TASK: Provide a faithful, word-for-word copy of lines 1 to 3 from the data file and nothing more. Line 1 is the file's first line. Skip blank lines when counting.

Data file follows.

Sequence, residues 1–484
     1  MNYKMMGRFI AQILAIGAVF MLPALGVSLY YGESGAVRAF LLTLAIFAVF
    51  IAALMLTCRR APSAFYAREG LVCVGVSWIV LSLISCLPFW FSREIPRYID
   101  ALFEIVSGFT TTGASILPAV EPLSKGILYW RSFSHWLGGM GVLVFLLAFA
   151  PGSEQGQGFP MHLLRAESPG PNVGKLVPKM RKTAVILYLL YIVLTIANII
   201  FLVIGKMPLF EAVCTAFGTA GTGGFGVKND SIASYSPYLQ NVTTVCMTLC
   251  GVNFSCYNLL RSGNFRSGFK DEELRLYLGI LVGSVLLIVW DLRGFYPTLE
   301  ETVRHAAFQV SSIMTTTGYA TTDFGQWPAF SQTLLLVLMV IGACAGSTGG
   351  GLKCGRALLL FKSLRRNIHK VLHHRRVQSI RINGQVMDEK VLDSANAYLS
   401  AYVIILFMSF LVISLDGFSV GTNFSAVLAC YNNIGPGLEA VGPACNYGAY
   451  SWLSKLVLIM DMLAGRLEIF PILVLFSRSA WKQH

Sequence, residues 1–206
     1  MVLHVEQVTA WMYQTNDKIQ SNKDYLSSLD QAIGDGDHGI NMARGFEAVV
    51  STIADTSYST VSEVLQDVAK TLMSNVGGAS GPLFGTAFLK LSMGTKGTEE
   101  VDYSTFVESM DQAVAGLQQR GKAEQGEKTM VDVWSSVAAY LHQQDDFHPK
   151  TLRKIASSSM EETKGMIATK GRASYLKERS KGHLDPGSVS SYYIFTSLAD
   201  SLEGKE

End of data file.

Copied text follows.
Sequence, residues 1–484
     1  MNYKMMGRFI AQILAIGAVF MLPALGVSLY YGESGAVRAF LLTLAIFAVF
    51  IAALMLTCRR APSAFYAREG LVCVGVSWIV LSLISCLPFW FSREIPRYID